– What we do and don’t know about dietary science

EXERCISE
– The mental health benefits of exercise
– Why walking helps us think
How to start running

SLEEP
– How to fall asleep
– How to wake up at the same time every day
Understanding sleep

LIVING WITH CHRONIC ILLNESS
Why chronic illness and depression go hand in hand
– Why are medical mistakes our third leading cause of death?
The perils of being your own doctor


 

 

 

 

WORRY & RUMINATION

Worry and rumination are types of repetitive thinking where thinking circles around a problem without coming to solutions.  Worry is usually focused on future dangers while rumination is concerned with past mistakes or losses.  Trying to suppress unwanted thoughts may make them stronger.

UNDERSTANDING WORRY
– worry is an attempt to anticipate future problems in order to feel safe or prepared
– worry can worsen the problem through over-monitoring and searching for reassurance from others

DEALING WITH WORRY
challenge your worrying thoughts to see if they are realistic or likely to happen
– distract yourself from worry by taking action or using attention-shifting techniques

UNDERSTANDING RUMINATION
– rumination about the past can involve self-criticism or internal arguments with others
– cycles of rumination can intensify feelings of shame, guilt, and anger

DEALING WITH RUMINATION
– check yourself for whether rumination has actually helped you find answers or solve problems
– practice self-compassion and resolve not to repeat past mistakes

DEALING WITH INTRUSIVE THOUGHTS
– cycles of worry and rumination often start with intrusive thoughts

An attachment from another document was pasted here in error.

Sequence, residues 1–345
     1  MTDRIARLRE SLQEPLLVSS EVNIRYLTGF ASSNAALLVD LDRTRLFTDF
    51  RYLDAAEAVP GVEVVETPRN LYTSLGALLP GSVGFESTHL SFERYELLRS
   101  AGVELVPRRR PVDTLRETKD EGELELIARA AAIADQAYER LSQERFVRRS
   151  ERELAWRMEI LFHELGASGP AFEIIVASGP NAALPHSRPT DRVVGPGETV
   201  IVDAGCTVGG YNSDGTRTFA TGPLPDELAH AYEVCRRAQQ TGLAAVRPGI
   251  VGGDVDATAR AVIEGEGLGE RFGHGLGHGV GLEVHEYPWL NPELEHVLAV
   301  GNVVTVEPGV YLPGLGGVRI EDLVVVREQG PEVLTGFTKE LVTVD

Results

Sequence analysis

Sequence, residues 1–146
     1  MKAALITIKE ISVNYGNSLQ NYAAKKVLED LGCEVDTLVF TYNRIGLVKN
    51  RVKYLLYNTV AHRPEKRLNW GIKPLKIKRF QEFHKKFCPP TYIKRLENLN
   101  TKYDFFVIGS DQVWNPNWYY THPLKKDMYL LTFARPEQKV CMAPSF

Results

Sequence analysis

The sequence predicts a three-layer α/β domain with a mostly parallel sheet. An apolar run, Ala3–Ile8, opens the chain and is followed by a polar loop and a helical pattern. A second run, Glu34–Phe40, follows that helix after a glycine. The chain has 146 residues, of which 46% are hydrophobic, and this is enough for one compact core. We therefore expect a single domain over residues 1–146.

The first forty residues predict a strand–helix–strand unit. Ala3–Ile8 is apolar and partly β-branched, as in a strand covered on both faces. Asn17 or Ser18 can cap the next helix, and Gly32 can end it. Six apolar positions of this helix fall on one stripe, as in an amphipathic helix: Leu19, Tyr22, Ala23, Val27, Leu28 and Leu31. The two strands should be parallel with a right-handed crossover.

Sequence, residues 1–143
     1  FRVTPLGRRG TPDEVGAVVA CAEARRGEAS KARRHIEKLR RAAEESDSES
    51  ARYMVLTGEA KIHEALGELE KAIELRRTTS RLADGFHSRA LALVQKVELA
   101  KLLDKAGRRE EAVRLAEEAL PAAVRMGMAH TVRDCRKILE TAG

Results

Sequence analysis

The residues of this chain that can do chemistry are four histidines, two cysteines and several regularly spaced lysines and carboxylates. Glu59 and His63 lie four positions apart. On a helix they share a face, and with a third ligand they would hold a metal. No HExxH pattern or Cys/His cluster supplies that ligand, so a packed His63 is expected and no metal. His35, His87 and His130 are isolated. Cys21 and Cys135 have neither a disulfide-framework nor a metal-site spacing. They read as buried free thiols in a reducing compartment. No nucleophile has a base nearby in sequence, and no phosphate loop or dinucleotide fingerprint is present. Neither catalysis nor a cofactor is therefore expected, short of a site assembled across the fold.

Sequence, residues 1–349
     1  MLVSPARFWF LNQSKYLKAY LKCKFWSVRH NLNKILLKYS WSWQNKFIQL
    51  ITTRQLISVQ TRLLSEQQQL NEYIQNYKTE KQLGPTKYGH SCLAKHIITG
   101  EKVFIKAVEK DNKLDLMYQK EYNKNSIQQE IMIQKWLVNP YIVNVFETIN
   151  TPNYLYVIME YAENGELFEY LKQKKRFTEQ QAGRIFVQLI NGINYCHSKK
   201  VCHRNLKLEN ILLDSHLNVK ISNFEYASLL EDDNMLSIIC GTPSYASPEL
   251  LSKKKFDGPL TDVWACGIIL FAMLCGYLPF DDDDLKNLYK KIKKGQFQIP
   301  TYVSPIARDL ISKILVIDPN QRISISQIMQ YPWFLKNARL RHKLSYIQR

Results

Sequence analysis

– consider intrusive thoughts as mental noise and focus on the immediate present

SEE ALSO
– Are You Confusing Rumination with Problem-Solving?
– Why Thought Suppression is Counter-Productive
Excessive Reassurance-Seeking

 

EFFECTIVE COMMUNICATION

HOW TO LISTEN
– let the other person have their say without interruption
– paraphrase back what was said to check your understanding
– acknowledge criticism without making excuses or blaming
– learn to validate feelings

HOW TO GIVE FEEDBACK
– adjust your message to the other person’s understanding and perspective
– talk about specific behaviours rather than presumed motives or character defects
– suggest changes along with any criticism
– respect differences of opinion – you can disagree and still be close

BEING ASSERTIVE
– find the middle ground between caving in or blowing up
– talk about how you feel rather than attacking or making accusations
– ask for concrete changes rather than changes in attitudes
– repeat the message in different ways if you are not getting through

ACKNOWLEDGING MISTAKES
– acknowledge the damage done without minimizing or making excuses
– make a commitment to not repeat the mistake
– offer a plan to remedy the mistake and spell out the consequences of repeating the mistake
– start over and maintain an intention to keep improving

CONFIRMATION BIAS
– selective use of information that confirms one’s beliefs
– leads to over-generalization and polarization of opinions
– used in close relationships to blame the other person
– used in social groups to discriminate against people who are different

SEE ALSO
– Being A Good Listener
– Honest Communication
– The Challenge of Being Close
– How to Help Those We Love
– Emotional Translation